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The Ginza Building has retained classic, elegant features such as a manual elevator for over 90 years

The Yomiuri Shimbun
The main structure of the Okuno building, left, and the annex building are connected internally.

In Tokyo’s Ginza district, surrounded by modern office buildings, the Okuno Building has retained its classic and elegant features despite being around for more than 90 years. The building attracted attention as a luxury apartment complex during the early days of the Showa era (1926-1989). Now it serves as a base for people involved in fields such as architecture and art.

The building dates from 1932 and two years later the outbuilding was built next to it. Ginza Apartment, as it was then called, was six stories high and built of reinforced concrete, which was rare at the time. The housing units each had a floor area of ​​approximately 3.5 tsubo (approximately 11.5 square meters).

The building also had a large communal bathroom in the basement and a lounge on the roof. The residents of the ultra-modern apartment complex reportedly included film and music celebrities.

Okuno Building owner Tsuguo Okuno, 80, let me into the building. The first thing that caught my attention was the elevator, believed to be the first private residential elevator in Japan.

The elevator door must be opened and closed manually, and inside the elevator there is an accordion gate, like you would see in old movies. A semi-circular panel and a needle above the elevator indicate which floor the elevator is located on.

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The Yomiuri Shimbun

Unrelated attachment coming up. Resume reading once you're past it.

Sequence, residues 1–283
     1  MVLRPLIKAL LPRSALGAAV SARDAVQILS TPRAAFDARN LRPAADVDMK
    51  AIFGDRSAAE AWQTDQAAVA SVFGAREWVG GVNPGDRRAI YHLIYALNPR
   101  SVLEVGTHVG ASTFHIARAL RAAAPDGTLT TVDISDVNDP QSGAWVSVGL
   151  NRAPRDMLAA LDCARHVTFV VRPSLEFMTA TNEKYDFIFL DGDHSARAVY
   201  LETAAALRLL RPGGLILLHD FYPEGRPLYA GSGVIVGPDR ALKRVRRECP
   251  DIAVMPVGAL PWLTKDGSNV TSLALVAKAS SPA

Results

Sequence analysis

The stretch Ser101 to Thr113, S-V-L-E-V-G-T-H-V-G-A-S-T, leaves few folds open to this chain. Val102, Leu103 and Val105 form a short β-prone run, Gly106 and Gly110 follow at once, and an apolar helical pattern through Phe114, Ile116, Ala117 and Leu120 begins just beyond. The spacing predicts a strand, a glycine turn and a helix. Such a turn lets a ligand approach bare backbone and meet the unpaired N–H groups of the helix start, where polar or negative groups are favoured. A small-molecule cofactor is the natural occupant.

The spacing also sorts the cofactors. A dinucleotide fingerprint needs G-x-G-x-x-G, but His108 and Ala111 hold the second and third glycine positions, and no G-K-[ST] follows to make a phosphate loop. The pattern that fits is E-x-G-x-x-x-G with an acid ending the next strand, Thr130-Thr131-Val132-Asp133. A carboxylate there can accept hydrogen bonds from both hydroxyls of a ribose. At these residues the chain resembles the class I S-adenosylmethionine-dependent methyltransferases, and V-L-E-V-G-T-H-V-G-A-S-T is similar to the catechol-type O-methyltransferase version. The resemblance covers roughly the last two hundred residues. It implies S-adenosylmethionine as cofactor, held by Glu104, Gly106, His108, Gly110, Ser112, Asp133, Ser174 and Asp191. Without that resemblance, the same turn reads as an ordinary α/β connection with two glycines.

Even the elevator floor number indicator has a classic look.

The building survived air raids during the Second World War and was converted into an office building during the period of high economic growth, when demand for office space increased. Although the building’s exterior and facilities became outdated during the Heisei era (1989-2019), its elegant appearance attracted galleries and antique stores as tenants. All 69 rooms are still occupied.

“I’ve never seen such a beautiful place anywhere else,” said Kiyoko Tosaki, 79, who runs Gallery Kobo in the building. She said the wooden floor, planks and uniquely shaped window locks have not changed since the building was constructed.

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The Yomiuri Shimbun
Kiyoko Tosaki’s office retains much of its original appearance.

I noticed track-like dents in the center of the hallway, showing how they had worn away as people walked up and down them for over 90 years. Still, the hallway has not yet been repaired because tenants said they preferred it that way. When tiles come loose, tiles are ordered in the same design.

“The tenants of Okuno Building are attached to this place. I want to keep the building as long as there are people who want to stay here,” Okuno said. The building will remain a living part of Ginza’s history.

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The Yomiuri Shimbun
The floor of the hallway is worn out where people have been walking up and down for over 90 years.


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The Yomiuri Shimbun

Okuno Building

Address: 1-9-8 Ginza, Chuo Ward, Tokyo

Access: Three minutes’ walk from Ginza-Itchome station on the Yurakucho Line.

Memo: The building originally had six floors, but the seventh floor was added around 1958-1962.



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